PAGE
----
Star Is Born, A (Blu-ray Review)

  • Reviewed by: Dennis Seuling
  • Review Date: Feb 18, 2019
  • Format: Blu-ray Disc
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Star Is Born, A (Blu-ray Review)

Director

Bradley Cooper

Release Date(s)

2018 (February 19, 2019)

Studio(s)

Warner Bros./MGM/Live Nation Productions (Warner Bros.)
  • Film/Program Grade: B+
  • Video Grade: B+
  • Audio Grade: A
  • Extras Grade: A

A Star Is Born (Blu-ray Disc)

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Review

The story is timeless. An entertainer, once at the top but now destroying himself, sees untapped talent in another and fosters it. A Star Is Born, this time in its fourth incarnation, stars Bradley Cooper as the disintegrating icon and Lady Gaga as his worthy discovery.

Jackson Maine (Cooper) is a singer/songwriter of country-inflected rock songs who sells out stage shows across the country. He’s also an alcoholic and drug addict. Emptying a bottle in his limo, he has his driver (Greg Grunberg) stop at the first bar they find. It turns out to be a drag bar where a young singer named Ally (Lady Gaga) is delivering a riveting rendition of La Vie en Rose. Intrigued, Jackson invites her to another bar, where their conversation gets interrupted by a late-night fight.

Escaping to a convenience store parking lot, they have a long chat and Jackson learns that Ally also writes songs. He sees in her the potential to be a star. At his next gig, he invites her to sing with him onstage. The audience goes wild, a video of the duet goes viral, and Ally is on her way to success beyond her dreams.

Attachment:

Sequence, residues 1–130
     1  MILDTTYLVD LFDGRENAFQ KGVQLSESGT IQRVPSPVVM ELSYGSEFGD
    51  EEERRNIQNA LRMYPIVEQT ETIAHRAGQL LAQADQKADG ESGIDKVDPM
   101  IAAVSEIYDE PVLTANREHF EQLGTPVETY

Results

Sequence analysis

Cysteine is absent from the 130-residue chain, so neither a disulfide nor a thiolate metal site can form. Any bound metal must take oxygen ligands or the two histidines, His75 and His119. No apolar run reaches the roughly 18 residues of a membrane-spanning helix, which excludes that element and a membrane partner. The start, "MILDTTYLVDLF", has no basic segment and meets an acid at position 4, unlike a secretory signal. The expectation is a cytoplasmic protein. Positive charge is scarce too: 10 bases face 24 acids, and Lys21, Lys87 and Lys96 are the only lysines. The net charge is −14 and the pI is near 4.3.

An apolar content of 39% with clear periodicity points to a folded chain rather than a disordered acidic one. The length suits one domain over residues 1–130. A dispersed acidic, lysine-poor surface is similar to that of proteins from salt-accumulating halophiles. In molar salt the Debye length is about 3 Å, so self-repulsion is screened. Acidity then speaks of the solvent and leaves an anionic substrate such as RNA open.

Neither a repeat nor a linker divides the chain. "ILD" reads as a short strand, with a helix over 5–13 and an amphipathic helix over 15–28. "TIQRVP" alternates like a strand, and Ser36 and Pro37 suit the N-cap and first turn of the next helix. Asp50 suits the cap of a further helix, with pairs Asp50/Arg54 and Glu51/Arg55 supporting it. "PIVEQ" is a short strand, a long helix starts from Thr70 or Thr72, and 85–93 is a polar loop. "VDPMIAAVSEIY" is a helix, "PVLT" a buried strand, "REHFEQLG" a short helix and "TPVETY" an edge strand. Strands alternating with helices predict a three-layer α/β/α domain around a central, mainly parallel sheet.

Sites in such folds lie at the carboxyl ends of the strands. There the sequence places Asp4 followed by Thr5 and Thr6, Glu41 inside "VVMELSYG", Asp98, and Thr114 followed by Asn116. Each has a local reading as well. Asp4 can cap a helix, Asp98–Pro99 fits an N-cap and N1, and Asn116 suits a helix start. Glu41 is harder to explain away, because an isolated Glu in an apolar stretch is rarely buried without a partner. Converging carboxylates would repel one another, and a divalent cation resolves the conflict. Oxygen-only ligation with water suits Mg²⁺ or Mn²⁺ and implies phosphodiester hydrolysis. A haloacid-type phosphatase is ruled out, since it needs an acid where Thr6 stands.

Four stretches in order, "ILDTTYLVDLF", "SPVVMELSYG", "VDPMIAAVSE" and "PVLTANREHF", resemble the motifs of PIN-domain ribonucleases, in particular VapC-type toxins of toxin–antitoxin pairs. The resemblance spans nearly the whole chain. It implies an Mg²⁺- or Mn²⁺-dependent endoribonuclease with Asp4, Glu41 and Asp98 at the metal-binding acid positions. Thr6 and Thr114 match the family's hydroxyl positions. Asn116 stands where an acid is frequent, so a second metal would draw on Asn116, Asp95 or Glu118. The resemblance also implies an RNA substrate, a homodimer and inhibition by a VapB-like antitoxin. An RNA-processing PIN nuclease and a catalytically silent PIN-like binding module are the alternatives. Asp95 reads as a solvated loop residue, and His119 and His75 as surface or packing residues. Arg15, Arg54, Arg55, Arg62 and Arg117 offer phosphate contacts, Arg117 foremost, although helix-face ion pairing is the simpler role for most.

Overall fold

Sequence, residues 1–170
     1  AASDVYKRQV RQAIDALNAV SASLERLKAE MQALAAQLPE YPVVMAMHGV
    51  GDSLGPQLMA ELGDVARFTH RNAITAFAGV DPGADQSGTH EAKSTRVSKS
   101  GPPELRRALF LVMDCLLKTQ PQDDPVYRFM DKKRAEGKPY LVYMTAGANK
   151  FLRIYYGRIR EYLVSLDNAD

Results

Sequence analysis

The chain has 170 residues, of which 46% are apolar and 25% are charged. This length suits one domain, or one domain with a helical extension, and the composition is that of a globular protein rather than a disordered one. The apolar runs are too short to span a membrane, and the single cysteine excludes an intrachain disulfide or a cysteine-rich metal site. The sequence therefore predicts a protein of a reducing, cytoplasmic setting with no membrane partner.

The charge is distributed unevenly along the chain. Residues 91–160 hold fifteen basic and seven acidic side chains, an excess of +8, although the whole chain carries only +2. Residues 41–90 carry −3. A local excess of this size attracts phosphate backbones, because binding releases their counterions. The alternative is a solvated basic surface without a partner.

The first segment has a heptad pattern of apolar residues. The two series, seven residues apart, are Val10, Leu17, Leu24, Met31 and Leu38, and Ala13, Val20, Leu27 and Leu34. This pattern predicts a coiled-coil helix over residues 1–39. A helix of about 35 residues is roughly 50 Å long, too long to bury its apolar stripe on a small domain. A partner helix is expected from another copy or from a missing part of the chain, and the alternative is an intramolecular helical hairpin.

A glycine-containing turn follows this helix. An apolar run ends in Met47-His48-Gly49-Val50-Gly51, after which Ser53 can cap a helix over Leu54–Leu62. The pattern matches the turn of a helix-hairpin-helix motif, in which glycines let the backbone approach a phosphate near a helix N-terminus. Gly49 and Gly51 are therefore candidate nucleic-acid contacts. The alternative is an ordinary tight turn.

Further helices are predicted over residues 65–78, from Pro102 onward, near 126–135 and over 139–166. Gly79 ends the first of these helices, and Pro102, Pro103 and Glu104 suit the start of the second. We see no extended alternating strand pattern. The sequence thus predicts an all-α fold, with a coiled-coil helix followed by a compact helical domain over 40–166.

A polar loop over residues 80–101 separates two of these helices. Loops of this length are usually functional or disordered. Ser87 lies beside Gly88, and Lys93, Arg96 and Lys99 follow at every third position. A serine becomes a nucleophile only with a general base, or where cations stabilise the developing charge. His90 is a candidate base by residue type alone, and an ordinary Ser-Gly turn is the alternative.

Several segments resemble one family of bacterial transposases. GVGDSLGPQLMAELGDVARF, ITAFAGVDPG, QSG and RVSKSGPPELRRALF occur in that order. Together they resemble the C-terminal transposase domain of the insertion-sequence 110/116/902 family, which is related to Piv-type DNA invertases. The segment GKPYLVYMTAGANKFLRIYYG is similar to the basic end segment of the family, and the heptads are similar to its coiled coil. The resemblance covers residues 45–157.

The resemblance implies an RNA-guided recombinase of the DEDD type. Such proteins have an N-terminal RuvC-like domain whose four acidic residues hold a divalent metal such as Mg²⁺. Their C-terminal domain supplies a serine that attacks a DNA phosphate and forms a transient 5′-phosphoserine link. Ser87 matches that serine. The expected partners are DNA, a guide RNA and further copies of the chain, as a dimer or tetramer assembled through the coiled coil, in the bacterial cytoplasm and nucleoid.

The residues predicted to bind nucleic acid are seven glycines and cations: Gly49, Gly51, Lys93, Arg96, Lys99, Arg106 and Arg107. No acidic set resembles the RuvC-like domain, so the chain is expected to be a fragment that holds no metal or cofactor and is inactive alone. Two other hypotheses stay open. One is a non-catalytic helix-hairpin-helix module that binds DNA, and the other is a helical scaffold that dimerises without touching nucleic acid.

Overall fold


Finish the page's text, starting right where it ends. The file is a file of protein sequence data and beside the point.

Cooper, who also directs, brings a fresh spin to this decades-old story. He gives Jackson an older half-brother, Bobby (Sam Elliott), who raised him after the death of their father. Bobby now works for him, taking care of bookings and making sure his shows go smoothly. Cooper also gives us a look at Ally’s home life. She lives with her father (Andrew Dice Clay), who entertains the drivers working for his limousine business with stories about Frank Sinatra and his own wished-for brushes with show biz. And Cooper introduces entrepreneur/producer Rez Gavron (Rafi Gavron) with the right connections enables Ally’s career to grow. The behind-the-scenes conversations and glimpses of pre-performance moments capture the nervousness and self-doubt a performer must deal with before facing a live audience.

Cooper gives himself plenty of screen time and turns in a well-balanced performance as Jackson, who still packs in the crowds and has become more and more dependent on the bottle to get him through shows. In close-ups, listening to Ally, he combines fascination and growing affection for a young woman unlike others he’s known. When he sings, he’s good, though not at a level to justify the massive crowds filmed at actual concert venues.

Lady Gaga is excellent as Ally. Initially suspicious of Jackson’s motives, Ally takes time to warm to him, recognizing in him more than rock superstar. She is made over by the show biz forces propelling her to greater and greater heights while Jackson’s own career is falling apart. The dual paths – one up, the other down – form the main dramatic thread of A Star Is Born. Eschewing the elaborate costuming and hairstyles of her stage persona, Lady Gaga portrays Ally sans make-up, with her own hair color, and with a natural, easy delivery. Despite a few scenes in which she reveals a short fuse, Ally displays both vulnerability and humility even as her fame grows.